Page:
I am an Army brat…

originaldandyEvery one of us is a product of our upbringing. Whether we care to admit it or not, we are who we are because of our family, the things we were exposed to, the experiences we lived through, and the people we associated with while growing up. For many people, they lived in the same city their entire childhood, and besides a move within the county or across town, never left the area. They grew up with the same friends each school year, they married a person they had known for most of their life, and even now, still know where most of their friends from their youth are. I am an Army brat and that is not the life I lived. For me, that kind of life sounds foreign to me. It is a life that I am unfamiliar with and a life I find hard to understand. Try as I might, I simply do not have the common, shared experiences and benefits of being from the hometown crowd. Anyone who was a military brat understands exactly what I mean.

So, where did you grow up?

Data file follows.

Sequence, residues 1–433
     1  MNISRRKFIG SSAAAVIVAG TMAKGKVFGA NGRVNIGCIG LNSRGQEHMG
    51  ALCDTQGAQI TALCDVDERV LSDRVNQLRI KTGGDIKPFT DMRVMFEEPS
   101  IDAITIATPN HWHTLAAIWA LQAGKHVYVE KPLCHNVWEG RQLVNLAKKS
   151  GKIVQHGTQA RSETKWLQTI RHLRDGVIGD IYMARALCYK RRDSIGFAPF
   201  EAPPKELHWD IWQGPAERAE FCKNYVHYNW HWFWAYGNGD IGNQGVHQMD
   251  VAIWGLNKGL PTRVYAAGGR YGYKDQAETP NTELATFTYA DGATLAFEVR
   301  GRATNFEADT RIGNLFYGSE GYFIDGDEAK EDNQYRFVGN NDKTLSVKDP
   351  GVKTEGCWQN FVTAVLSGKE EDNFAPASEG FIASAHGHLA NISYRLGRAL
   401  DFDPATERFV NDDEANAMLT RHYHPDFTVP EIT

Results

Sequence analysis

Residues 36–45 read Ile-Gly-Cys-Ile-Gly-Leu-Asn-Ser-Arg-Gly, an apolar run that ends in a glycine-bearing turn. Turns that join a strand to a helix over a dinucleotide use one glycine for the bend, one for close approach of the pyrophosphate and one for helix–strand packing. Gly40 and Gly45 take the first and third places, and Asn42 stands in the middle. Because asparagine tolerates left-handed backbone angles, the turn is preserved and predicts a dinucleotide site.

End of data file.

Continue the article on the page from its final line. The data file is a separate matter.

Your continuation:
If there is any question that can give anyone grief and enjoyment, this is the question to any Army brat or military brat. We grew up where our parents were stationed. Sometimes, it means that we spent a few years in Harker Heights (Texas), Honolulu, Fayetteville, or any other city near a military base stateside. It also means we may have spent time in places like Germany, Korea, Panama, or a whole host of foreign nations where our military are stationed. We don’t have a hometown and some, myself included, simply choose the place where we lived the longest to give as ours. For me, it is rather difficult to get others to believe that I moved during the middle of my senior year of high school. Being an Army brat, it still does not seem foreign to me. Military brats grow up knowing that our parents didn’t have any control over where we would be living for the next few years or when we would leave. Such decisions were left up to the branch our parents were in. It was simply life as we knew it.